Theories like Phillips curve which links inflation to economic activity have gone for a toss in the post Covid world posing a challenge for policy makers, a report by SBI economists said.
According to an econometric analysis of the link between inflation and output gap over a 15-year or 60-quarter period, the link was strong between 2016 and 2018 but started weakening since then. “The link is completely lost during the Covid period implying the irrelevance of output gap in explaining inflation in the post-Covid world, even in India,” said the report by SBI’s research team. “The results do not change if we use core inflation in place of headline inflation”.
According to the Phillips curve theory, inflation is partly due to economic activity deviating from its potential and is popularly known as output gap. Central bank monetary policy statements, including that of the Reserve Bank of India, always identify this output gap as a significant determinant of inflation.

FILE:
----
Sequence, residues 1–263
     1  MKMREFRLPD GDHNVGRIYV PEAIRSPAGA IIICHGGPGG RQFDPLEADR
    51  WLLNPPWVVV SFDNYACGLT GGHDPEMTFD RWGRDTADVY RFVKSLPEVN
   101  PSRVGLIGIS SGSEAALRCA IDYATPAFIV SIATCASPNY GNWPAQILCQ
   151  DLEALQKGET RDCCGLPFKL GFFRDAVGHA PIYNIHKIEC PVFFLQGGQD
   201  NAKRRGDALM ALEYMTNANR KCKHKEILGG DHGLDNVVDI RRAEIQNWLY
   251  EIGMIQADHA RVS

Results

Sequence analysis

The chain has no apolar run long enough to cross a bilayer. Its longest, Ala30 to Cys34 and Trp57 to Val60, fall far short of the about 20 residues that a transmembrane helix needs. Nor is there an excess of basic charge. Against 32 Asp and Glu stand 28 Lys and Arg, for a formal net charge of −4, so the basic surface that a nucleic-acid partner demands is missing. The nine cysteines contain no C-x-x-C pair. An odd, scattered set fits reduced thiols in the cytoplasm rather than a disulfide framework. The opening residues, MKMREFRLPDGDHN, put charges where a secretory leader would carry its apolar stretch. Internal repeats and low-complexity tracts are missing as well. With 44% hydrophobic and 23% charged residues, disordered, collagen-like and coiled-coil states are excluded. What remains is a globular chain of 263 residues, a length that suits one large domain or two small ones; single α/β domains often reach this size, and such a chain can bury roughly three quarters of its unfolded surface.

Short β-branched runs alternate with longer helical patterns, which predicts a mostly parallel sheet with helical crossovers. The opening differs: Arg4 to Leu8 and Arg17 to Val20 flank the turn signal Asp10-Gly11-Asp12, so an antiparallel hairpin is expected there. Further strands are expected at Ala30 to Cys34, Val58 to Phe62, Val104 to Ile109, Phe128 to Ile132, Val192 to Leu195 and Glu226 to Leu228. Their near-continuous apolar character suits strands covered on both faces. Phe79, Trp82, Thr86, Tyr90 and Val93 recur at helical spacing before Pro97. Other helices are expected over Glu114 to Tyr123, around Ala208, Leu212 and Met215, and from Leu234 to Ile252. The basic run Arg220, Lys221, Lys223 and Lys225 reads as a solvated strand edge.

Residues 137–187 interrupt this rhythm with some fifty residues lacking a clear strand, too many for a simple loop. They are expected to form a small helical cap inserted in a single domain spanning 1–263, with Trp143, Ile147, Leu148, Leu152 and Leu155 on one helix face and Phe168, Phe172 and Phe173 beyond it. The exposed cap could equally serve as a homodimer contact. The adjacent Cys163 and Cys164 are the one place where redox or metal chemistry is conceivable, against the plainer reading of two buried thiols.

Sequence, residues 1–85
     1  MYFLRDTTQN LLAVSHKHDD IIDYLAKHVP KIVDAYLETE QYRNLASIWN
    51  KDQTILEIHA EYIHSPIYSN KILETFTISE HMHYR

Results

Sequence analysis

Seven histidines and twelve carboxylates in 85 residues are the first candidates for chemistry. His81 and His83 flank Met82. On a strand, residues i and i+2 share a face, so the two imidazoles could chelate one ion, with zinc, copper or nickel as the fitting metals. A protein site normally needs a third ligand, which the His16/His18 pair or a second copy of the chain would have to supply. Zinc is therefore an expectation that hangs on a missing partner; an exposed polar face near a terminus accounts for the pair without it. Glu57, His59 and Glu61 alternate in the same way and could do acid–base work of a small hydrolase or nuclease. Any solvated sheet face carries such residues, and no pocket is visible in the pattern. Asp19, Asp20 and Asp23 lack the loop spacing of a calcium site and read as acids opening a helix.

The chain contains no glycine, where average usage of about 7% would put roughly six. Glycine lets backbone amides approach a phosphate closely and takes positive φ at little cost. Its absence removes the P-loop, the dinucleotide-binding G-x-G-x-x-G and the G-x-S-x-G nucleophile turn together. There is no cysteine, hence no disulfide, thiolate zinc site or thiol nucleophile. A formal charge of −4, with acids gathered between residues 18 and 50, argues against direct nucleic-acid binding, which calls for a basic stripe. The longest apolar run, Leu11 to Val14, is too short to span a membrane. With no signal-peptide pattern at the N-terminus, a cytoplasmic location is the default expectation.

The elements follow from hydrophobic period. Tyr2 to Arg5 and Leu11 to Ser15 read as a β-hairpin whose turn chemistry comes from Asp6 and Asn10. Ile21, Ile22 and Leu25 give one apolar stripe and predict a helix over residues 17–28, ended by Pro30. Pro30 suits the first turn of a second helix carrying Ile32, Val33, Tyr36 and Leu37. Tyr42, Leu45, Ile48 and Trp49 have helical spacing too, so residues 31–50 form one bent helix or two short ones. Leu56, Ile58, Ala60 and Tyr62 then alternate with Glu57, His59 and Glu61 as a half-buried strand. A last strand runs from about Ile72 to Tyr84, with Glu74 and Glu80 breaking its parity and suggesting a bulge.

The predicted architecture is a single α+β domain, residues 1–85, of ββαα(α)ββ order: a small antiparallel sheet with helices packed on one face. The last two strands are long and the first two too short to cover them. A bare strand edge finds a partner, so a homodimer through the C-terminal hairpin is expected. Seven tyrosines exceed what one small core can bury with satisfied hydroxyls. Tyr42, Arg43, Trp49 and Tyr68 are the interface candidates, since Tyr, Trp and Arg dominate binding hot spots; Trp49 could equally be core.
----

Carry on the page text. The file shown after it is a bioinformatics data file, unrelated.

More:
“Milton Friedman’s popular dictum, ‘inflation is always and everywhere a monetary phenomenon’, possibly might not pass the test of scrutiny in this post-Global Financial Crisis and pandemic world,” said the report. To face the challenges thrown by the Global Financial Crisis of 2008, central banks started monetary easing. But inflation was not a major threat then and hence pushed interest rates down. As interest rates declined, debt-to-GDP ratio climbed up and the economy is now more vulnerable to higher interest rates.
“This in turn makes it very difficult to raise them in future lest markets could disorient,” the report said. “In other words, low rates beget lower rates.
This is a big risk that even RBI is currently facing as low rates in the system are fuelling inadequate risk recognition with irrational pricing of credit risk.”
Central banks, including the RBI, face many challenges to the current analytical background of monetary policy formulation. “The main challenge is intellectual challenge. Certain ingrained economic beliefs at the core of the prevailing analytical paradigms may have facilitated the loss of policy headroom and may complicate the quest to regain it to the extent that they influence policy,” the report said.
SBI economists, however, expect the RBI to hold rates and focus on liquidity stabilisation.